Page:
Saddler’s Sales Hit by Lack of Sporting ActionNeil Hardie
As football returned to Germany’s Bundesliga at the weekend, famous Forfar bridie shop Saddler’s is counting the cost of sporting events in Tayside being on hold.
The long established Angus family baker said the impact of the coronavirus has been huge. Not only has it had to close its two tearooms, but the loss of wholesale revenue is taking its toll.
Michael Saddler, who has run the firm with his wife Morna for the past 15 years, said “We have also lost wholesale sales. We supply the local football and rugby clubs, the council and also have various catering contracts for firms in the town – all closed, or semi-closed with the lockdown.”
The firm’s sales are currently mainly over-the-counter and they have had to put two staff on furlough and reworked the hours of the remaining employees.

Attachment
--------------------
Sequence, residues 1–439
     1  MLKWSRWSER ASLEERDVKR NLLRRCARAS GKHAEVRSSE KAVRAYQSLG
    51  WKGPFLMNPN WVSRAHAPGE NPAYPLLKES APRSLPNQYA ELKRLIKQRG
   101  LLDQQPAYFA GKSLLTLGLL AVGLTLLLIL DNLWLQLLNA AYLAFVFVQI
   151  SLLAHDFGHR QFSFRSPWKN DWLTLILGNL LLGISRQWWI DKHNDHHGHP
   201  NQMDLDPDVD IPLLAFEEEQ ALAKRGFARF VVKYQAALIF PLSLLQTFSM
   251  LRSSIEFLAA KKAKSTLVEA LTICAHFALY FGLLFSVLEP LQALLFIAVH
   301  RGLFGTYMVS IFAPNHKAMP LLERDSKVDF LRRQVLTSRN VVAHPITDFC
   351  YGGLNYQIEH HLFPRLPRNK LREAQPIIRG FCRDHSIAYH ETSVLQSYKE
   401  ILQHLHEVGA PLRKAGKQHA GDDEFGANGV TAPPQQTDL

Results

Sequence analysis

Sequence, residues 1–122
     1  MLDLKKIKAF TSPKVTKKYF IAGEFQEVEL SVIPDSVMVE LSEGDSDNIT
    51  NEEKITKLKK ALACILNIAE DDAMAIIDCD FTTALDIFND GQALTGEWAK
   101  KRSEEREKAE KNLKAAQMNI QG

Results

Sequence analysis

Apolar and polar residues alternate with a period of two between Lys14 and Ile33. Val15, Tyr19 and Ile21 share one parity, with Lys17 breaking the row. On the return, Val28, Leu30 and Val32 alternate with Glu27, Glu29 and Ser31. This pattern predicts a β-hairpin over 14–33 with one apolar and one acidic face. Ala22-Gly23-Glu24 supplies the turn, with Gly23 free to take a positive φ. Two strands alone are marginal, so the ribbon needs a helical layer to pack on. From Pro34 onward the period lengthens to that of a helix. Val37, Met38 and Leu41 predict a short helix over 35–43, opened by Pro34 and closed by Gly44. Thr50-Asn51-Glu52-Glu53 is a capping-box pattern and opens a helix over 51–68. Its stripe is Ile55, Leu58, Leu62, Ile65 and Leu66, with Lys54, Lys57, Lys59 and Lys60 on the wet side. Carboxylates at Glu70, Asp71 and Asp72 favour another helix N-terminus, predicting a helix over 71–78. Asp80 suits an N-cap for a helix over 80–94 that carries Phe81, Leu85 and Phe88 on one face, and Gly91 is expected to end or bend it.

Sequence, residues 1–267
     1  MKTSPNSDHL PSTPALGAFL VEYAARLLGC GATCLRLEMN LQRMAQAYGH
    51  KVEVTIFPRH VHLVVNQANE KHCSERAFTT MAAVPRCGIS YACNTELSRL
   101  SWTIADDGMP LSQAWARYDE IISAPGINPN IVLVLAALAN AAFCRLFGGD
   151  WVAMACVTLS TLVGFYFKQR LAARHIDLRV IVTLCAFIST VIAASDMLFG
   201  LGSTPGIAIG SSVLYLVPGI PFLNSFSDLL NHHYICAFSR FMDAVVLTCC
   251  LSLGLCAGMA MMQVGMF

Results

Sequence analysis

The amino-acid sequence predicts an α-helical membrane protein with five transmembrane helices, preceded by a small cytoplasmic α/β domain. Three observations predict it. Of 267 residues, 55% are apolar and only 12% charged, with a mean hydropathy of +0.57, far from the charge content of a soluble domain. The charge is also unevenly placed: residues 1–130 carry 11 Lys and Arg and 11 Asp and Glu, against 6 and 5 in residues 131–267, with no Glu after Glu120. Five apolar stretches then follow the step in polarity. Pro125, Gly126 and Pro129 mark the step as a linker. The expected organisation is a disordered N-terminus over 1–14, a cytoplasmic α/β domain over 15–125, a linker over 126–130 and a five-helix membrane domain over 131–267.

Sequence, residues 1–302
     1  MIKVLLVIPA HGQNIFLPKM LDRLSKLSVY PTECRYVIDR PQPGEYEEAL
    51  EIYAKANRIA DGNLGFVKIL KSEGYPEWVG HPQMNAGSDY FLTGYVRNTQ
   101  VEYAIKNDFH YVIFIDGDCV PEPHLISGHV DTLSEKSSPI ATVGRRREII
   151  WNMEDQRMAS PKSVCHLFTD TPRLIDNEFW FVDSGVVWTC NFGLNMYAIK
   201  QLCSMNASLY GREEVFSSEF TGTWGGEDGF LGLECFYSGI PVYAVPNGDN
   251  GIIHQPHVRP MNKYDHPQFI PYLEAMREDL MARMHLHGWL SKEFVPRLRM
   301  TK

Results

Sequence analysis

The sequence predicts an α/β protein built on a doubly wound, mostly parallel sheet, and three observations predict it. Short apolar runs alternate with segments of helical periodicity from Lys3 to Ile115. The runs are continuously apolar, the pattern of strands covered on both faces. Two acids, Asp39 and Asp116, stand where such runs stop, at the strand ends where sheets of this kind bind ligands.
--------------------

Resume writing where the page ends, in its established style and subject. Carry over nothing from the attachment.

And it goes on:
“We also continue to provide a delivery service, which has proven very popular,” Mr Saddler added.
“We normally have a very healthy tourist trade, which has been effectively killed with the restrictions on movement. I am sure most of the retail firms in the town are all in the same boat and I would not be surprised if some do not open again.”
“We hope there will be a bounce-back effect once this is over – the public will want to get out there again and do the things they did before.”
Saddler’s, which has a workforce of 18, was founded in 1897 by William Saddler, the great-grandfather of Michael.
An older family member remains a familiar face at the firm – Michael’s father, Sandy, still comes in to help despite being 84.
Mr Saddler said: “This business is in my dad’s blood. He has been working here since he was 15 and isn’t stopping now. We are very much hands-on ourselves and are always here to keep a grip of everything that is going on in the business.”